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Chapter 16

16-1. Conclusion

a. This booklet touches on some aspects of patent law. Its purpose is to kindle the reader's interest in patents.

b. Army policy is to encourage and stimulate the inventive talents of military and civilian personnel and to obtain

(1) patents on inventions or

(2) trademarks, considered to be of value to the Army mission.

c. The law does not permit a copyright in official works by Government employees. However, you are encouraged to consult Patent Counsel on copyright problems.

d. To get started on the road to PATENT PROTECTION the inventor(s) should complete a copy of

(1) "Invention Disclosure" form ( app A ) and

(2) Inventive Rights Questionnaire ( DA Form 2871 ).

e. If you have unanswered questions, please contact

(1) the patent section for your command (see app B ) or

(2) Chief, Intellectual Property Division, Office of The Judge Advocate General, Department of the Army, Washington, DC, 20310.

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Appendix A
Invention Disclosure Form

Figure A-1. Invention Disclosure Form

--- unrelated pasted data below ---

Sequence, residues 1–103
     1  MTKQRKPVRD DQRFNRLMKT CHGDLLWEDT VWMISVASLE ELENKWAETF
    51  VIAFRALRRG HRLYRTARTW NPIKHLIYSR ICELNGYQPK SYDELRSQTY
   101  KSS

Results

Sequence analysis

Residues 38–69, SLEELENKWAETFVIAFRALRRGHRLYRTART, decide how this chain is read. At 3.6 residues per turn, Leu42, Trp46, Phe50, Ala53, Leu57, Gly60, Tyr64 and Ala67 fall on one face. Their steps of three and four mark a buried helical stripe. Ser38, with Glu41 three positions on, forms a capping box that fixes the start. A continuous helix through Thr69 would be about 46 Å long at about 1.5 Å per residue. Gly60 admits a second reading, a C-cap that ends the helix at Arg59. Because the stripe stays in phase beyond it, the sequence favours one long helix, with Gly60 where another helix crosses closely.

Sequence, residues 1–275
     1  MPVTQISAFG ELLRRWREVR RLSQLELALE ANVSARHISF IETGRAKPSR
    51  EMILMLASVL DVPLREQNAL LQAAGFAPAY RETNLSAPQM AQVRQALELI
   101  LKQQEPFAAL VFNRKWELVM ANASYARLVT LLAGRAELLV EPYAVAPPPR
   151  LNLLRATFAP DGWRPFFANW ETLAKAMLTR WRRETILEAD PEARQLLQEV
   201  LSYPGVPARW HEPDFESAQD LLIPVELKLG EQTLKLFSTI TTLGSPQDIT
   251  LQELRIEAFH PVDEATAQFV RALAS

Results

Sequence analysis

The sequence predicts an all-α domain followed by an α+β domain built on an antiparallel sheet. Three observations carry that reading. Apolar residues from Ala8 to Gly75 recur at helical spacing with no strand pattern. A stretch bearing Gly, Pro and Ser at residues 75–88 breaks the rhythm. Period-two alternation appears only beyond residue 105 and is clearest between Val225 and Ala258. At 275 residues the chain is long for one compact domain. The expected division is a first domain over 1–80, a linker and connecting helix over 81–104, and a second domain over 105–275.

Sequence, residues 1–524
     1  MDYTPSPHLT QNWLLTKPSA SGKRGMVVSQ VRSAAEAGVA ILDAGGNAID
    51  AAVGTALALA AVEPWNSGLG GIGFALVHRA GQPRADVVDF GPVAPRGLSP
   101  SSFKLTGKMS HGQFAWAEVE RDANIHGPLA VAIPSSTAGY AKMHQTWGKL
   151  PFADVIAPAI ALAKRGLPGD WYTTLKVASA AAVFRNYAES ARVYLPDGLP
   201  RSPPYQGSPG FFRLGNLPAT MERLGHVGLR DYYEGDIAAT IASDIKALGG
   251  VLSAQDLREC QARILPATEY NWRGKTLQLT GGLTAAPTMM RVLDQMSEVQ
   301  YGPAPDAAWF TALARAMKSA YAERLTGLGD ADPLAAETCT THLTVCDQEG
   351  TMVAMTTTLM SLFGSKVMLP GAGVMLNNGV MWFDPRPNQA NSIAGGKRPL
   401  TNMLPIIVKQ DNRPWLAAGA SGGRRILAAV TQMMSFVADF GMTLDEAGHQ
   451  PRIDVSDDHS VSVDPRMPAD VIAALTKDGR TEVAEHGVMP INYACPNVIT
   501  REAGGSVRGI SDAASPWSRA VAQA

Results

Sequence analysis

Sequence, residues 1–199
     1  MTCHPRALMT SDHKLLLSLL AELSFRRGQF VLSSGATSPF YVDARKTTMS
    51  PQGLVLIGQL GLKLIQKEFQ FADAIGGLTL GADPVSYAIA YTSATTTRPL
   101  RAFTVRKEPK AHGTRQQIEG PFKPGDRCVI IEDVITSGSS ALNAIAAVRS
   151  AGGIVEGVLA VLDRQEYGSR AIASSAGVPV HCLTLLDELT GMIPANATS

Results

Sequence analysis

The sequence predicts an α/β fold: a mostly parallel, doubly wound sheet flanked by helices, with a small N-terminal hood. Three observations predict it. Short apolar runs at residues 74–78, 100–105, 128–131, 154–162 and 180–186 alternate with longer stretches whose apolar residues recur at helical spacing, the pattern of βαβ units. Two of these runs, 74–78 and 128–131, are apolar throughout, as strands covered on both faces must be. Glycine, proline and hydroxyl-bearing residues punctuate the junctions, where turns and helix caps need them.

Figure A-2. Invention Disclosure Form

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Appendix B
Addresses for Obtaining Assistance in Intellectual Property Matters

Army commands which have patent sections are DARCOM and Chief of Engineers; other commands should contact Chief, Intellectual Property Division.


Chief, Intellectual Property, Division
           Office of The Judge Advocate General
           Department of the Army
           Washington  DC 20310


Assistant Command Counsel
           Patent Law Division
           US Army Materiel Development and Readiness Command
           5001 Eisenhower Avenue
           Alexandria  Virginia 22333


Assistant Counsel, Patents
           Washington  DC 20310